I am grateful for the opportunity to be exposed to different thinking, different intellectuals, and completely different discussions, but I am concerned with my ability to contribute to the ongoing discussion. That said, I did propose that we discuss the use of the "war" moniker and metaphor in our COVID responses and that received enthusiastic support. Cue up some Susan Sontag!
Switching over to the "listening pile" for a minute, I was able to find time to dive into the recent Longform interview with science writer Ed Yong. Yong had just completed a great article on COVID for The Atlantic, which is definitely worth reading in addition to or instead of the Longform interview. While the whole interview was enjoyable, my favourite part was in the first few minutes as they were getting settled and Yong compared his COVID-reality life to a combination of "Groundhog Day" and a Michael Bay movie: stunningly mind-numbing repetition followed by scare-you-out-of-your-seats moments. Yep, pretty much sums up the last month.
The last bit of non-fiction reading this week was a throwback to 1997. Back in January, I commented on the Longform interview with Kevin Kelly, former editor at Wired. This 1997 article was co-written by Kelly and comments on the soon-to-be demise of the browser and the coming wonders of push technology.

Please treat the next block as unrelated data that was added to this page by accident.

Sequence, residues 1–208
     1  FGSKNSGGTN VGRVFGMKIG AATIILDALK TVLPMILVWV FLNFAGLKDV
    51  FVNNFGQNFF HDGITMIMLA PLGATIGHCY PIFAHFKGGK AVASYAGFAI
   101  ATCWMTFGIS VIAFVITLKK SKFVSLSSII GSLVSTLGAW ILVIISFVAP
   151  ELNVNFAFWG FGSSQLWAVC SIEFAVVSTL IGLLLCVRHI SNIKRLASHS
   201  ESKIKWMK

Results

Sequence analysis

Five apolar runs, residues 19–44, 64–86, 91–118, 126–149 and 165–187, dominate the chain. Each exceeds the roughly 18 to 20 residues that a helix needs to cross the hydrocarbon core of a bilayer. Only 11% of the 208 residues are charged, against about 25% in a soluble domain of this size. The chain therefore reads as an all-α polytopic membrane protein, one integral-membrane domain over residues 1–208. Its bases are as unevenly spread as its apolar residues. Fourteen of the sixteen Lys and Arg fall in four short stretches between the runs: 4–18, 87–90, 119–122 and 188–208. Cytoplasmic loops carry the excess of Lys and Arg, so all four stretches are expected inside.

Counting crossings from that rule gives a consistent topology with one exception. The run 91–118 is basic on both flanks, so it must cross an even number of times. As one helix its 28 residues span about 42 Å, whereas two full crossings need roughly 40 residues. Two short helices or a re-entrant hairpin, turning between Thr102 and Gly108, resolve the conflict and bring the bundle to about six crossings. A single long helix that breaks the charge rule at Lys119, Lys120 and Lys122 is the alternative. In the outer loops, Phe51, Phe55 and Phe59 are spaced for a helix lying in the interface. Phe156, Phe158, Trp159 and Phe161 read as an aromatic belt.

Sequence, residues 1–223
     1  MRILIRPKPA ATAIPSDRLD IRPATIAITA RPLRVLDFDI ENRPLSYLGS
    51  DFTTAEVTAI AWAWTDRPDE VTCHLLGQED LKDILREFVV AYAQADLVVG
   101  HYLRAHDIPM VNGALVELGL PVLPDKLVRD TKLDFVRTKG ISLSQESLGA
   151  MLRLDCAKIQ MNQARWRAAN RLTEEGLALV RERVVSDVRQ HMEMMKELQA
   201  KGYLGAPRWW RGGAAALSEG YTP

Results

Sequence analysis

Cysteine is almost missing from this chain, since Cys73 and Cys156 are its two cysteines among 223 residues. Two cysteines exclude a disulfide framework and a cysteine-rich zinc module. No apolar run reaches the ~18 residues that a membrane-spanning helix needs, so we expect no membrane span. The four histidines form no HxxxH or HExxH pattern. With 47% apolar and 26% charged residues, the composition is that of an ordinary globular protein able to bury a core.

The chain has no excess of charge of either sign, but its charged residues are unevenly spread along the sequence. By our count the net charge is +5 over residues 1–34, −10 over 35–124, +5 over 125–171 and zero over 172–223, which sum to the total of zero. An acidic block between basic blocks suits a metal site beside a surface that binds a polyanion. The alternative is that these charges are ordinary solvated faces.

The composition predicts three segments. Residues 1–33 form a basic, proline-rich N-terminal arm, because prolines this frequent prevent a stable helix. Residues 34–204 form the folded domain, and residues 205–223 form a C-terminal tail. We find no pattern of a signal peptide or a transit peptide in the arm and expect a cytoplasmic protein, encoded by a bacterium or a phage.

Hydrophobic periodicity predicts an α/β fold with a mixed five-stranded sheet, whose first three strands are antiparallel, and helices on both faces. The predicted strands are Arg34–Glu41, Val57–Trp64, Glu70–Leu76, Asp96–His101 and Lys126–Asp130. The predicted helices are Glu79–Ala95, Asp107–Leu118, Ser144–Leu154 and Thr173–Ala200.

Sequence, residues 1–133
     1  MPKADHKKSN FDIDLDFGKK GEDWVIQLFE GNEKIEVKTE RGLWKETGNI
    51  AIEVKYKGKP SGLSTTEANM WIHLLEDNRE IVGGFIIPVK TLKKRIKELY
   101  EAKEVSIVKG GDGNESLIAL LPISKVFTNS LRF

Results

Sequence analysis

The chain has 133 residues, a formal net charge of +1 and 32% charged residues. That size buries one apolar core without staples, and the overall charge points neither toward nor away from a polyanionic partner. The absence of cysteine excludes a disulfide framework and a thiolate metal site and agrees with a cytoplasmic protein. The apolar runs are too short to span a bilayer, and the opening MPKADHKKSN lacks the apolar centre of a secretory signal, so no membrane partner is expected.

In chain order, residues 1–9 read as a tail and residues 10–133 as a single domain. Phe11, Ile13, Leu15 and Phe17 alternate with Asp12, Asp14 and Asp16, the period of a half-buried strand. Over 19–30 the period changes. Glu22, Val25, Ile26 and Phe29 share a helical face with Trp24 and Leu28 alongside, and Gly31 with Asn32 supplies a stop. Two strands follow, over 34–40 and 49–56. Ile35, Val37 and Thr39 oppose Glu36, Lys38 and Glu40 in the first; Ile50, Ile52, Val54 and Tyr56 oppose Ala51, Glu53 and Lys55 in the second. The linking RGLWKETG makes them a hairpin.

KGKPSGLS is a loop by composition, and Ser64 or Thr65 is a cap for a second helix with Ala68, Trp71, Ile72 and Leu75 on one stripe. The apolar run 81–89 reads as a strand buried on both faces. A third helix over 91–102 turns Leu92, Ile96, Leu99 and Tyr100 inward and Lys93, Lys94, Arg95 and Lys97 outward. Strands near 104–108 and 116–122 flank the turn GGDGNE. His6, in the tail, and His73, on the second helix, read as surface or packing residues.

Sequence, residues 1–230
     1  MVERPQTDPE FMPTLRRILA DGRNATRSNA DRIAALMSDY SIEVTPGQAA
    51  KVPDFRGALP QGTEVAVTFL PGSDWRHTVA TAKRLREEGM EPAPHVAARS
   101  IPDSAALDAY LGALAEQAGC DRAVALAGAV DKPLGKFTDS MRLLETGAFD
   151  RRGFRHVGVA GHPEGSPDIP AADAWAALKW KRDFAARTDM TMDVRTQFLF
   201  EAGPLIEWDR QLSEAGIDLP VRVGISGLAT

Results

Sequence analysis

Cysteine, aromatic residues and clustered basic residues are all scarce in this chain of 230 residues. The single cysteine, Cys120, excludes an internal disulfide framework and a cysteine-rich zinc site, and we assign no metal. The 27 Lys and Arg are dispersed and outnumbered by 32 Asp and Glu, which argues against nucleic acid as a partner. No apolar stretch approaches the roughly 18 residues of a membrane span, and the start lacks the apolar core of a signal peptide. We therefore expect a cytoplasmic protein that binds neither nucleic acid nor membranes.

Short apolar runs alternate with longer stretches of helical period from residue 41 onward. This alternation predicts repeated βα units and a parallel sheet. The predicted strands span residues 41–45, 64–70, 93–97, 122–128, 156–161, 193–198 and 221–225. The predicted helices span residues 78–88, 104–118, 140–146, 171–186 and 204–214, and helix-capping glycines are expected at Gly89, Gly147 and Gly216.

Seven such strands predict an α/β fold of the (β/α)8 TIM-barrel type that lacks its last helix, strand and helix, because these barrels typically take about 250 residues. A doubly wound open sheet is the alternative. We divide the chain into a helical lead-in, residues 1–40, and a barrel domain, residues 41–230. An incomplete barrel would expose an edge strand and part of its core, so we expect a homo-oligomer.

It is interesting to read something from twenty-three years ago, especially given that the Internet as we know it was barely a couple years old at the time of publication. A lot has changed, of course. Talk of T1 lines seems antiquated, even though I can remember being proud to commission my first T1 installation not long before that article came out.
We can expect a billion Web pages by 2000. Some of them will even be worth reading. -- Wired, March 1997
Where the article was most prescient was its predictions regarding technology pervasiveness and the dependency content producers would have on advertising. At one point, the authors predict that this new world of push technology, which has somewhat been replaced with notifications, will be "gentle, in-your-face, intermittent, in the background, or always on." The always-on-ness of our world these days is definitely one of our defining societal problems. See my comments from last October regarding Michael Harris's book "Solitude: A Singular Life in a Crowded World". As for their other prediction, some form of the word "advertising" appears eight times throughout the article. Maybe the authors were afforded a crystal ball and could see their magazine's web page covered in ads from their parent company and lifestyle brand, Condé Nast.